Get access

Morphology of the olivocerebellar projection of the chick: An axonal reconstruction study

Authors

  • Kazuma Sasamura,

    1. Department of Systems Neurophysiology, Graduate School and Center for Brain Integration Research, Tokyo Medical and Dental University, Tokyo, Japan
    Search for more papers by this author
  • Hiroko Ohki-Hamazaki,

    1. Division of Biology, College of Liberal Arts and Sciences, Kitasato University, Kanagawa, Japan
    Search for more papers by this author
  • Izumi Sugihara

    Corresponding author
    • Department of Systems Neurophysiology, Graduate School and Center for Brain Integration Research, Tokyo Medical and Dental University, Tokyo, Japan
    Search for more papers by this author

Correspondence to: Izumi Sugihara, M.D., Ph.D., Dept. of Systems Neurophysiology, Tokyo Medical and Dental University Graduate School, 1-5-45 Yushima, Bunkyo-ku, Tokyo 113-8519, Japan. E-mail: isugihara.phy1@tmd.ac.jp

ABSTRACT

The projection pattern of the olivocerebellar (OC) axons, which terminate mainly as climbing fibers (CFs) in the cerebellar cortex, tightly reflects the compartmental and developmental organization of the cerebellum as revealed by mapping and reconstruction studies in the rat. The avian cerebellum is well lobulated and longitudinally compartmentalized like the mammalian cerebellum. However, the projection pattern of the OC axons has not been studied in detail for most areas of the avian cerebellum. In the present study, we reconstructed labeled chick OC axons resulting from a small focal injection of biotinylated dextran amine into the inferior olive to investigate their morphological characteristics, and to determine their relationship to the general morphology of the chick cerebellum. Labeled CFs were distributed basically in a single longitudinally elongated narrow band-shaped area in lobules I–VIII, but in multiple, transversely widened, band-shaped areas in lobules IX–X. Three of the four reconstructed OC axons terminated in a single longitudinally band-shaped area in lobules IXa–c, whereas the other one terminated in multiple mediolaterally separated areas in lobule IXc, which is part of the flocculus. Single OC axons branched into 14 CFs on average. Two CFs occasionally merged to form a single terminal arbor. Axons also had thin, non-CF collaterals that projected either to a cerebellar nucleus or to the cortex. The results indicate that the morphological characteristics of OC axons, including branching and termination, are basically conserved between the chick and the rat. J. Comp. Neurol. 521:3321–3339, 2013. © 2013 Wiley Periodicals, Inc.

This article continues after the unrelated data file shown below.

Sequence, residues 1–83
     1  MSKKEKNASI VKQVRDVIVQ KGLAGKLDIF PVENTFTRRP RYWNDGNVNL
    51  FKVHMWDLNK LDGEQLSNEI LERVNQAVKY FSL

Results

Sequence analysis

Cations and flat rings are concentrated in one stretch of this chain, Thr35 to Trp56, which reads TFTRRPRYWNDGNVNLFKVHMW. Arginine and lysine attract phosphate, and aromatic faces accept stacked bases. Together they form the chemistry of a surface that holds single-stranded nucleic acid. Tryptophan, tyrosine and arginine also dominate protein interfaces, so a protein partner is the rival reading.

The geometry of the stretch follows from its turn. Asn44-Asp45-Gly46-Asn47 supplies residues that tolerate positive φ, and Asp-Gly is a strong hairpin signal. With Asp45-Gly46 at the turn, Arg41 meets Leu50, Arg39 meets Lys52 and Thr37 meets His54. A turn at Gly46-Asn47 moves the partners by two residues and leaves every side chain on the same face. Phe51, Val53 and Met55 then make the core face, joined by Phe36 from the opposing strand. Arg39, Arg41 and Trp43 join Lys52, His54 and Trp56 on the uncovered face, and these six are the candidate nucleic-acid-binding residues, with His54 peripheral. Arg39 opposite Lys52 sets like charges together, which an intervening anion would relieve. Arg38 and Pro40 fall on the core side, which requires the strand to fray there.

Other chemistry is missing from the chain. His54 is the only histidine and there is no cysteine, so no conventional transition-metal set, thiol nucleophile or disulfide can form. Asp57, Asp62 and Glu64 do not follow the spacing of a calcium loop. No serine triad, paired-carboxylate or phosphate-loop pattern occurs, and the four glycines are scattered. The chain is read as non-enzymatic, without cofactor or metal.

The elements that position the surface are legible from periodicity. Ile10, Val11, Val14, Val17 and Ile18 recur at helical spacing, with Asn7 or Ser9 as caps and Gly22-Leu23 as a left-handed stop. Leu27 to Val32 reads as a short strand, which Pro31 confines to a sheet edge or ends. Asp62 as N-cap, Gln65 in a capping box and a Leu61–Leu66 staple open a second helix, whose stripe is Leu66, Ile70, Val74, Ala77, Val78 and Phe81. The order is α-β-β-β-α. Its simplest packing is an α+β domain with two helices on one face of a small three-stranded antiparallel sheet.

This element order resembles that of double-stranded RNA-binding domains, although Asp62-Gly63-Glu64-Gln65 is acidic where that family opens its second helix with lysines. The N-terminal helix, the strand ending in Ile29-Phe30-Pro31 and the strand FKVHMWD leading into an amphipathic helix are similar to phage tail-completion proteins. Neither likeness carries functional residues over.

Get access to the full text of this article

Ancillary